Crude infection fatality rate is a key indicator in understanding COVID-19 mortality

In a recent study posted to the medRxiv* preprint server, researchers leveraged recent data sources and broadly applicable modeling strategies to calculate the crude infection fatality rate (cIFR) in 77 countries from 28 March 2020 to 31 March 2021.

They used data on cumulative numbers of reported deaths by age from the COVerAGE database and a demographic scaling model to estimate cumulative numbers of infections by age.

Study: Magnitude, global variation, and temporal development of the COVID-19 infection fatality burden. Image Credit: eldar nurkovic/ShutterstockStudy: Magnitude, global variation, and temporal development of the COVID-19 infection fatality burden. Image Credit: eldar nurkovic/Shutterstock

Information on global severe acute respiratory syndrome coronavirus 2 (SARS-CoV-2)-related mortality over time is critical for developing and assessing public health responses on both country and global levels. Estimating and analyzing the cIFR in many countries over time is essential for managing and learning from this global health crisis.

Understanding the need and role of cIFR

The cIFR is defined as a total number of deaths over a total number of infections, and limited data is a major challenge in estimating global cIFR over time. Other factors affecting cIFR estimation included inadequate testing coverage and test sensitivity, cause-of-death misclassification, and errors and delays in reporting coronavirus disease 2019 (COVID-19)-related deaths and cases.

Also, the numbers of reported deaths have often not been harmonized by age and sex over time; and the number of positive cases underestimates the total numbers of infected individuals. The case fatality rate for some countries can be estimated based on early but limited data on COVID-19; however, estimating cIFR in many countries over time has been difficult because of the unknown size of the truly infected population.

The study

The approach employed by this study to estimate cumulative numbers of infections by age used age-specific IFRs from China as the baseline which scales them to other countries by assuming that age-specific IFRs vary across countries proportionally to remaining life expectancy. The remaining life expectancy captures vulnerability to COVID-19 due to age, pre-existing conditions, and inadequate medical services. The researchers also assumed that the scaled baseline IFRs by age is constant within countries over time. Improvement in medical treatment, shortages of critical medical equipment, or spread of deadlier SARS-CoV-2 variants may also change the age-specific IFRs. The researchers also explored the sensitivity of cIFR estimates to deviations from these key assumptions.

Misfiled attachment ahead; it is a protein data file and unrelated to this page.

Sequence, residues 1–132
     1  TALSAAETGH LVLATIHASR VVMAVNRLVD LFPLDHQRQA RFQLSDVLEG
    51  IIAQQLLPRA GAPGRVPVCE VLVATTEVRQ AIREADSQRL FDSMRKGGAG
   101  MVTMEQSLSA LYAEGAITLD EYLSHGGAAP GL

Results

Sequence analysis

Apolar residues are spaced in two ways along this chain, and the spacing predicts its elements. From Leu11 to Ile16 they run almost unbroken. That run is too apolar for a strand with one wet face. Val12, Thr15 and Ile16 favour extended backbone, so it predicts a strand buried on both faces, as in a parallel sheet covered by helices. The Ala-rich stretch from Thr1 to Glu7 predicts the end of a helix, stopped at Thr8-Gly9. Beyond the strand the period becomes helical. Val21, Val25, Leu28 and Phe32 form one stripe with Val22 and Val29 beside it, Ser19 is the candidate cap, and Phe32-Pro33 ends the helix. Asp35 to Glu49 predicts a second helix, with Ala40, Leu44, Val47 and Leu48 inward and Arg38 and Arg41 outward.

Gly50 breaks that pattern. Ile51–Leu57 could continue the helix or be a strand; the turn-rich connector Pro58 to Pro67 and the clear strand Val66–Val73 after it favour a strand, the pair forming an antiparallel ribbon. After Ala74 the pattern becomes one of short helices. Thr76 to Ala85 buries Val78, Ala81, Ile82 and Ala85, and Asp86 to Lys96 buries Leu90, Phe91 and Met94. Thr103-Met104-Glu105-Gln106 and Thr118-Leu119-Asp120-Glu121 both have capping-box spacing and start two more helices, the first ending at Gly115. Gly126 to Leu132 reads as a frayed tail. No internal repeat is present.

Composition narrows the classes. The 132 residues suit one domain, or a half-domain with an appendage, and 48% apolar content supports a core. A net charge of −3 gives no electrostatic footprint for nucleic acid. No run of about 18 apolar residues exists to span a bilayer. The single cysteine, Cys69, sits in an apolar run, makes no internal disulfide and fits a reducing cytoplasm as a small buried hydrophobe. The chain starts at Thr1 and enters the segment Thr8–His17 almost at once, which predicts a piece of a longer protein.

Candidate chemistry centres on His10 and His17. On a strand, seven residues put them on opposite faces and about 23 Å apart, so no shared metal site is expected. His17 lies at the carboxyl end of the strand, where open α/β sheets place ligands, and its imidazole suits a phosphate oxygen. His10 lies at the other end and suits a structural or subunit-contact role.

This study used the best available data and advanced methods that avoid biases in the infected population to estimate the cIFR. Since the data was imperfect and modeling assumptions were strong, the researchers emphasized interpreting the broad patterns and trends of the cIFR that are likely to withstand systematic bias. They also analyzed the sensitivity of cIFR estimates to input data from various sources using (i) three different baseline IFRs by age, (ii) reported or estimated excess deaths, and (iii) estimated or confirmed cases. These sensitivity analyses suggested that the broad patterns were resistant to changes; however, the overall estimated level of cIFR varies depending on the data and modeling choice.

Conclusion

The study data helped to draw a landscape of the level, global variation, and temporal development of the COVID-19 infection fatality burden during the first year of the coronavirus pandemic. The cIFR varies strongly across countries, but little within countries over time, and it is often lower for women than men.

The analysis suggested that the age structures of both the general and the truly infected population are key drivers of the level and global variation of the cIFR. Consequently, increased efforts at collecting high-quality data are important for accurately estimating the cIFR, which is a key indicator for understanding the health and mortality consequences of this pandemic better.

Estimating and analyzing the cIFR in many countries over time is important for managing and learning from this global health crisis.”

*Important notice

medRxiv publishes preliminary scientific reports that are not peer-reviewed and, therefore, should not be regarded as conclusive, guide clinical practice/health-related behavior, or treated as established information.

Journal reference:
Saurabh Chaturvedi

Written by

Saurabh Chaturvedi

Saurabh Chaturvedi is a freelance writer from Jaipur, India. He is a gold medalist in Masters in Pharmaceutical Chemistry and has extensive experience in medical writing. He is passionate about reading and enjoys watching sci-fi movies.

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